Monday, September 10, 2012 –– Week of Proper 18
Alexander Crummell, 1898
[Go to http://www.missionstclare.com/english/index.html for an online version of the Daily Office including today’s scripture readings.]
Today’s Readings for the Daily Office
(Book of Common Prayer, p. 983)
Psalm 41, 52 (morning) // 44 (evening)
Job 32:1-10, 19 – 33:1, 19-28
In our reading from Job today we have a little comic relief that seems to serve some dramatic purpose to postpone the cosmic encounter with God. Elihu plays the part of the fool. He claims to know more than the others (that’s always a mark of a fool in ancient literature). He describes his heart as “like wine that has no vent; like new wineskins, it is ready to burst.” He’s something of a blowhard. Yet, he is certain. And he is certain of his certainties. He speaks with confident boldness. But he doesn’t make much sense. He’s a Stephen Colbert version of the wrong side of the argument.
In the portion we read today, Elihu’s speech is the kind of talk that makes you want to pull somebody’s hair out, preferably his. He is so sure that if you are a good person and you pray to God, God will heal you, even from the edge of death. I’ve known people like that. People who speak to one who is ill, and speak with such confidence. “If you just believe enough… If you’ll just pray to God; if you just pray hard enough…”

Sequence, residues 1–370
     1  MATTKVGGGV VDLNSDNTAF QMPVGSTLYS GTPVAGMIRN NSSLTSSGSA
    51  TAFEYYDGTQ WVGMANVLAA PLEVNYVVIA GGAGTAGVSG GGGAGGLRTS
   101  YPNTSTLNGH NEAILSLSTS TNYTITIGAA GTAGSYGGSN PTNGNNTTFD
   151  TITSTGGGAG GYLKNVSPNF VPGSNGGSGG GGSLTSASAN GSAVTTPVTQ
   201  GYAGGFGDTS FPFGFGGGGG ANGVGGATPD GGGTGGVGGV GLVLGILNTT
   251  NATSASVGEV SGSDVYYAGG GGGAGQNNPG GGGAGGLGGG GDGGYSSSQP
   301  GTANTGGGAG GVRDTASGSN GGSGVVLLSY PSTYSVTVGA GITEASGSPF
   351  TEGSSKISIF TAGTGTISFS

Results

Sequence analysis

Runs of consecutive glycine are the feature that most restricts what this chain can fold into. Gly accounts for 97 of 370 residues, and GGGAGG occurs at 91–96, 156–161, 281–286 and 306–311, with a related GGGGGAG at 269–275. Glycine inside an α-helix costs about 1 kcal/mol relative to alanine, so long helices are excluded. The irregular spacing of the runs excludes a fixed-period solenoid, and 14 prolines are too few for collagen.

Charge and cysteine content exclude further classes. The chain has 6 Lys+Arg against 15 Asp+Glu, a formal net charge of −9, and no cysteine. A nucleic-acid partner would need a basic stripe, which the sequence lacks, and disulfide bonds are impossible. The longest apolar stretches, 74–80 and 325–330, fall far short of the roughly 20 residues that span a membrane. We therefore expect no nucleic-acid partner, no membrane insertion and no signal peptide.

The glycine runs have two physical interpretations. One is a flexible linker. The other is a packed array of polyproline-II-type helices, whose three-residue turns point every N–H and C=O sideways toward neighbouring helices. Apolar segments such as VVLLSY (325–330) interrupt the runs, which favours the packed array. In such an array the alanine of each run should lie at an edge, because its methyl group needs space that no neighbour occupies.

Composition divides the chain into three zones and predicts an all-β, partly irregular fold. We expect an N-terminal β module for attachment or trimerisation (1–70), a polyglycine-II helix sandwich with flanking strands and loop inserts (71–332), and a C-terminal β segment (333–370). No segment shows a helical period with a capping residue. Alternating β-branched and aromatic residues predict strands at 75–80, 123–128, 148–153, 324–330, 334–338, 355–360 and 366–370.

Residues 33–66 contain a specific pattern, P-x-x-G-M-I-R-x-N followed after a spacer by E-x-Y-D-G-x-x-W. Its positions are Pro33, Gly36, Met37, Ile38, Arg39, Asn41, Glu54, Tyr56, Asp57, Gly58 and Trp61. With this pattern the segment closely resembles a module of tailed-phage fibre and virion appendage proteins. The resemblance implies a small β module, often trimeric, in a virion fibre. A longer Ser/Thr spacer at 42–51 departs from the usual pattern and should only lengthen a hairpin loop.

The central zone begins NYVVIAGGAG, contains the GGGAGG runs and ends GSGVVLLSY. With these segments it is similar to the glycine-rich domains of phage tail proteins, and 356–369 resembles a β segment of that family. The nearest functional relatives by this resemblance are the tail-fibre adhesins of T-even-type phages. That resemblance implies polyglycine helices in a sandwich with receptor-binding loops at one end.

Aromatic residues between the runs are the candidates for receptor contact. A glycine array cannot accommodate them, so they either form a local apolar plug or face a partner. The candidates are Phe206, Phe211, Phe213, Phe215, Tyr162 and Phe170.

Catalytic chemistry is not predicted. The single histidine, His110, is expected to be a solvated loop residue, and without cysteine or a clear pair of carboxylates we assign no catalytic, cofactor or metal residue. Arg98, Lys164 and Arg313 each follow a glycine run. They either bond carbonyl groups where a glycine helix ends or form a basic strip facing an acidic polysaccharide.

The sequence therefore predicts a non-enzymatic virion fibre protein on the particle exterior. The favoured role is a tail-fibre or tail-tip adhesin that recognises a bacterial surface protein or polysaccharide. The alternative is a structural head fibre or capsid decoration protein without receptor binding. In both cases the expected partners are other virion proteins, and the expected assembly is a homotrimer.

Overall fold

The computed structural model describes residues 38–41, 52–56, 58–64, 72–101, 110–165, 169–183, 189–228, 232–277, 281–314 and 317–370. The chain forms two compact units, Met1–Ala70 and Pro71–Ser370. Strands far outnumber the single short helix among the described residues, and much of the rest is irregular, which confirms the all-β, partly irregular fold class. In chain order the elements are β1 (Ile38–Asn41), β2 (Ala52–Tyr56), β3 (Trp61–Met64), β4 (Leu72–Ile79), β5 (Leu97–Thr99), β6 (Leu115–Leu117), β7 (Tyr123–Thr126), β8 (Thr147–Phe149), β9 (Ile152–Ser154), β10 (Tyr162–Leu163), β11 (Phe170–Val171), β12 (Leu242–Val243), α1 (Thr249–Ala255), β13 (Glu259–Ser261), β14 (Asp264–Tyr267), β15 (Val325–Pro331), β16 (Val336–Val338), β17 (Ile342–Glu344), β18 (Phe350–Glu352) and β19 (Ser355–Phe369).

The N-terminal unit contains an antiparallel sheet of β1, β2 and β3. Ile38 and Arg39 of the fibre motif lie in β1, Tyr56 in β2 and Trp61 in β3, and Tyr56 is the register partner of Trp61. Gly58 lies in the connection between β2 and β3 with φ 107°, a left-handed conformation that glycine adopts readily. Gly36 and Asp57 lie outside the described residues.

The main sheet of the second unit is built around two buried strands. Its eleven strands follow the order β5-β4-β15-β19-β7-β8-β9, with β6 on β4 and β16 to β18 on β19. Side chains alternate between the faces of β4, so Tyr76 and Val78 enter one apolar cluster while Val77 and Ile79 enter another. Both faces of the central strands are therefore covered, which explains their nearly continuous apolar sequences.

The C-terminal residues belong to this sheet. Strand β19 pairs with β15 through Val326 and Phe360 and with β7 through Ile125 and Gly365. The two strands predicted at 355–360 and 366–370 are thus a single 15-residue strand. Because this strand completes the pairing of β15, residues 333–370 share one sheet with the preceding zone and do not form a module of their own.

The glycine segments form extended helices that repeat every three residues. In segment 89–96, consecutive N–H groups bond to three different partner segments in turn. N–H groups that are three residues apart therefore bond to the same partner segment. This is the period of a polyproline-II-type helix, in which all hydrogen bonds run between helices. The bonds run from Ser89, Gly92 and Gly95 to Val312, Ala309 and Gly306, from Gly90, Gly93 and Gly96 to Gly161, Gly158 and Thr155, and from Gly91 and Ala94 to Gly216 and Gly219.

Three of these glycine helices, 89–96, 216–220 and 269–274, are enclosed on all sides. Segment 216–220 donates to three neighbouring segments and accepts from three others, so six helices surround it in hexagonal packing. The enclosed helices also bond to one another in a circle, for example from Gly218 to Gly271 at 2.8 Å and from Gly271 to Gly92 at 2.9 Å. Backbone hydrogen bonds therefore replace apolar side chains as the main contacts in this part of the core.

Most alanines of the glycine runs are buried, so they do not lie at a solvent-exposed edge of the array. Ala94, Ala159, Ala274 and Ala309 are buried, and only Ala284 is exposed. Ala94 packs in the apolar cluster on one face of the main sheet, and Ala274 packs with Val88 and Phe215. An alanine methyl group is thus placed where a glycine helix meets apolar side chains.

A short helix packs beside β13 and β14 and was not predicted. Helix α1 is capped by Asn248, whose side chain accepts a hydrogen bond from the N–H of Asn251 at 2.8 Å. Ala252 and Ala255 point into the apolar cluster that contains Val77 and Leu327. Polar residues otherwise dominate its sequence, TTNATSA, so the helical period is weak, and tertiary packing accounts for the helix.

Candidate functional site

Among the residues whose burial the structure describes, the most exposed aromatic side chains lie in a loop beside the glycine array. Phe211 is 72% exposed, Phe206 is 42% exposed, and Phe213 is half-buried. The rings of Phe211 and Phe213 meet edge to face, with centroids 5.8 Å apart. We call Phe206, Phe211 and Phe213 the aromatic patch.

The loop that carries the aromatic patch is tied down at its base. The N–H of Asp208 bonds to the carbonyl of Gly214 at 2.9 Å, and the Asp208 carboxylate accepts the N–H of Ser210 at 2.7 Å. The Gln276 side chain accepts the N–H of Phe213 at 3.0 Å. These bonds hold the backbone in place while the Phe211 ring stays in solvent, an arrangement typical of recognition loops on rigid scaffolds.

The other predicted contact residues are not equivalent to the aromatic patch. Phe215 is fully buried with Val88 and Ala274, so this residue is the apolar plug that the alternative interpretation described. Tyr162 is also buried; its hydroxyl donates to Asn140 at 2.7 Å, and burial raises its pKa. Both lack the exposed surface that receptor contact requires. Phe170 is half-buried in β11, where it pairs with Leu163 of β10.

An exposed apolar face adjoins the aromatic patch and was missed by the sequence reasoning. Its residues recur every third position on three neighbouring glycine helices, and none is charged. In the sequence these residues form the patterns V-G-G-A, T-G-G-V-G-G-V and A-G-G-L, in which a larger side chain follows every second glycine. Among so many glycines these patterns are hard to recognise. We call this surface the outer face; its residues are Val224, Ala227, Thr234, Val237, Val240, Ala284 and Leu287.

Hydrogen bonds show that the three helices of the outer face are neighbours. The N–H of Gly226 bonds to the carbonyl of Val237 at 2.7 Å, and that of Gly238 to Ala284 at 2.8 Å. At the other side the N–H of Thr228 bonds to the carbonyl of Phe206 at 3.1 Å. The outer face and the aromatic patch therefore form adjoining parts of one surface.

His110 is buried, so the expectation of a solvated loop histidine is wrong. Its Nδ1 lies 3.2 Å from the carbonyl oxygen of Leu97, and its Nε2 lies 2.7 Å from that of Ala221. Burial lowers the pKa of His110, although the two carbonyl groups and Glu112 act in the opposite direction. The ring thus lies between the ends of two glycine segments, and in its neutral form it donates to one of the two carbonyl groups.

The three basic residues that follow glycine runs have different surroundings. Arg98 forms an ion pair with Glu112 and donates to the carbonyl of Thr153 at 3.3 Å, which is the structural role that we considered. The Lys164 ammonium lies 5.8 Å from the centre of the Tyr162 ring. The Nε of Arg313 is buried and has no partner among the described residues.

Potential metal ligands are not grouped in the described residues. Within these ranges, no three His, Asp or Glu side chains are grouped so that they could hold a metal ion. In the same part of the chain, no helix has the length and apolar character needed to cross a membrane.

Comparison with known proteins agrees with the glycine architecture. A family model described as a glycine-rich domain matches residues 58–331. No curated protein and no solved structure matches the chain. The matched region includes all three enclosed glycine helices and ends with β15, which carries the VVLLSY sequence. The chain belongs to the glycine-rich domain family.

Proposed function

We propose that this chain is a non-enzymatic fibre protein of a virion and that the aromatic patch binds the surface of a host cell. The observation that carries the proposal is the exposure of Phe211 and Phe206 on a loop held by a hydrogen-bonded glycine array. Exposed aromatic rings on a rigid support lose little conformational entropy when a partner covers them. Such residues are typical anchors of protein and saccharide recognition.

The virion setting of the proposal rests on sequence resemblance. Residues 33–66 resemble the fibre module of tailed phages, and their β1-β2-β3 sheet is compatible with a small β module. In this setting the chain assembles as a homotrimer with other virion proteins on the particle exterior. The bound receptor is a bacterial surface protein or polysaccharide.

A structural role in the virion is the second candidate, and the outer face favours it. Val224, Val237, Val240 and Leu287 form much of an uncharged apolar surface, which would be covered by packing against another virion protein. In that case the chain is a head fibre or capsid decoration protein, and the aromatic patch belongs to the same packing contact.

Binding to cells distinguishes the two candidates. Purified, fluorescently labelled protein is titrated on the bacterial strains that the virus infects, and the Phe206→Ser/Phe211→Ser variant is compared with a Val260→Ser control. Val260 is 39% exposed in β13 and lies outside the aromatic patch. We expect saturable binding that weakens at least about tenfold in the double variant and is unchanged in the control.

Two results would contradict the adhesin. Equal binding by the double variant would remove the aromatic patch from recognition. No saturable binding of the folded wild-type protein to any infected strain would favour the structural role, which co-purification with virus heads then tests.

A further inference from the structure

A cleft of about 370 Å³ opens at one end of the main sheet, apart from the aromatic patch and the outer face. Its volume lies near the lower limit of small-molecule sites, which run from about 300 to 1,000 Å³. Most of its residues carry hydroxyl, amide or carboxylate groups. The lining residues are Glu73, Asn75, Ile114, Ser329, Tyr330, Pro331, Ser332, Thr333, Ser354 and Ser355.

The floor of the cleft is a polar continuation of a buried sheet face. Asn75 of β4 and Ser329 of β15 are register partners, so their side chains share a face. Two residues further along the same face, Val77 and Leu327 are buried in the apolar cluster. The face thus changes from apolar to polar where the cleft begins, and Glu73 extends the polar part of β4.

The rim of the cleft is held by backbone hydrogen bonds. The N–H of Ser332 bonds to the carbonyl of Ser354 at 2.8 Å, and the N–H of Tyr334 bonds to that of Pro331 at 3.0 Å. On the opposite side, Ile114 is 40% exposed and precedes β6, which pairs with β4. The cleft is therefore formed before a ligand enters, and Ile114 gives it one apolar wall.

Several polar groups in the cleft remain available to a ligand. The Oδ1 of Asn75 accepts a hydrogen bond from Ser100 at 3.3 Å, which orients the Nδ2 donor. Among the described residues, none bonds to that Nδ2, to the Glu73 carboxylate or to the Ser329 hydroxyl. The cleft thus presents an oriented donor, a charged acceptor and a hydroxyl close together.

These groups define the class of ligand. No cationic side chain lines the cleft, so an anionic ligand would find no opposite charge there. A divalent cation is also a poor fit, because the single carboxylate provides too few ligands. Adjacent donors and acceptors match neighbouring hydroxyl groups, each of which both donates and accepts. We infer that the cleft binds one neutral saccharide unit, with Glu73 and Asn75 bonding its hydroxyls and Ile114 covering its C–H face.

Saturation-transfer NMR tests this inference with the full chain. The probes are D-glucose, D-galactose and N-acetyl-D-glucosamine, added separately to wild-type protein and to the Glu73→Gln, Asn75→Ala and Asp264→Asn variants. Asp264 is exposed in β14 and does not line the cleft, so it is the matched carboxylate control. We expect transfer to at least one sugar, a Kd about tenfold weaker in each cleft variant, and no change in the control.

I’ve known remarkable healings. I’ve seen healing miracles. I’ve seen people restored from the brink of death. But, it is a mystery. It’s not about us believing enough. I’ve known those who believed truly and prayed earnestly, and did not get well. Visitors like Elihu can make a sufferer feel doubly cursed — not only for the suffering of their illness, but also for the implied responsibility that it was their fault that they didn’t get well. It can be confusing and hurtful. “I believed with all my heart, didn’t I? I prayed so hard. Why didn’t I get well? Is it my fault?”
Elihu with his certainties is a bad answer to that profound question. Elihu claims to know way too much. God’s mysterious epiphany to Job is a better answer to that question.